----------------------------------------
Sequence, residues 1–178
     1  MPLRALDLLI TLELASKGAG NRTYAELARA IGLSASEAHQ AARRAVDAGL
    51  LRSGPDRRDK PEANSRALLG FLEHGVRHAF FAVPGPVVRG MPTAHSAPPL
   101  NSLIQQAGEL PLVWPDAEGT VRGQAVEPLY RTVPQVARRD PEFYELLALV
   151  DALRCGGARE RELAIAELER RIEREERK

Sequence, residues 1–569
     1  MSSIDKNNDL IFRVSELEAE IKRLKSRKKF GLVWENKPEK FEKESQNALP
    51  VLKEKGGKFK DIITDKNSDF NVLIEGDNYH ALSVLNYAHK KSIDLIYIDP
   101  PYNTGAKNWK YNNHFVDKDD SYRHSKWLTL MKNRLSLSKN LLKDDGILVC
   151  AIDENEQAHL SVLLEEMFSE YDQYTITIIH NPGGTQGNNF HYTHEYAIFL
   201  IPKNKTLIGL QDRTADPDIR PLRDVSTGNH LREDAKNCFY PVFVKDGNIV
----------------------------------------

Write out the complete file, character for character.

Sequence, residues 1–178
     1  MPLRALDLLI TLELASKGAG NRTYAELARA IGLSASEAHQ AARRAVDAGL
    51  LRSGPDRRDK PEANSRALLG FLEHGVRHAF FAVPGPVVRG MPTAHSAPPL
   101  NSLIQQAGEL PLVWPDAEGT VRGQAVEPLY RTVPQVARRD PEFYELLALV
   151  DALRCGGARE RELAIAELER RIEREERK

Sequence, residues 1–569
     1  MSSIDKNNDL IFRVSELEAE IKRLKSRKKF GLVWENKPEK FEKESQNALP
    51  VLKEKGGKFK DIITDKNSDF NVLIEGDNYH ALSVLNYAHK KSIDLIYIDP
   101  PYNTGAKNWK YNNHFVDKDD SYRHSKWLTL MKNRLSLSKN LLKDDGILVC
   151  AIDENEQAHL SVLLEEMFSE YDQYTITIIH NPGGTQGNNF HYTHEYAIFL
   201  IPKNKTLIGL QDRTADPDIR PLRDVSTGNH LREDAKNCFY PVFVKDGNIV